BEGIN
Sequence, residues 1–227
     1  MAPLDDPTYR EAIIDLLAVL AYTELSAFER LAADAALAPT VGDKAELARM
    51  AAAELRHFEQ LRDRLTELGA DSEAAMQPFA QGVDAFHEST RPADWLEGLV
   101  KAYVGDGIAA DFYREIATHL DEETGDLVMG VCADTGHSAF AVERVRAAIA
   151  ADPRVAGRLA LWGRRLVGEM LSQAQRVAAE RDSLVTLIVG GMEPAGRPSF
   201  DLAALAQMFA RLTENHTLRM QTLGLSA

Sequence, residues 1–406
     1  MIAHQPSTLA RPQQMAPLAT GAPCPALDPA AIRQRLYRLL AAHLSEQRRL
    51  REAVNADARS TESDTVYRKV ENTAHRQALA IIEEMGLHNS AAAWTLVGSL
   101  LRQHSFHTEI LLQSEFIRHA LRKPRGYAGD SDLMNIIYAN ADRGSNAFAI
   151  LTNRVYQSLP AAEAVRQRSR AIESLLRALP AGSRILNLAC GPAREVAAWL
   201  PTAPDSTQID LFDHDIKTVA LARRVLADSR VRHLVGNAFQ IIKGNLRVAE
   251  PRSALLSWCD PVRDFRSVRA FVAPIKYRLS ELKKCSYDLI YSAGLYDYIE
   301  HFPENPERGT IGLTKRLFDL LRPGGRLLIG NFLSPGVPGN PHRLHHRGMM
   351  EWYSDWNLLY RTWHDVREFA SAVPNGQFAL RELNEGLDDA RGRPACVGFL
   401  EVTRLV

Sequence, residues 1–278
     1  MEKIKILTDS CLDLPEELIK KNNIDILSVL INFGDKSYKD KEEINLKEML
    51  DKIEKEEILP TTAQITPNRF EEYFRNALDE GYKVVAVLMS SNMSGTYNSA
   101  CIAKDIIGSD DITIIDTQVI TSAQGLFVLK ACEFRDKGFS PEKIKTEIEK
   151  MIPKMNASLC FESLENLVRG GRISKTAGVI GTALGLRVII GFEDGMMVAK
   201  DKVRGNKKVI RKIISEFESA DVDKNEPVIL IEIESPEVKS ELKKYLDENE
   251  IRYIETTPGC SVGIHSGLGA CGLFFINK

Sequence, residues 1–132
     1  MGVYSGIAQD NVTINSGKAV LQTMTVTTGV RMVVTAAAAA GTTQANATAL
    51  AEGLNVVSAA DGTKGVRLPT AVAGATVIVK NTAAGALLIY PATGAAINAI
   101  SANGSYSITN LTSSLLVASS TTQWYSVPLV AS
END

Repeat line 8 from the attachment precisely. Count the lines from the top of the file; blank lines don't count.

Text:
     1  MIAHQPSTLA RPQQMAPLAT GAPCPALDPA AIRQRLYRLL AAHLSEQRRL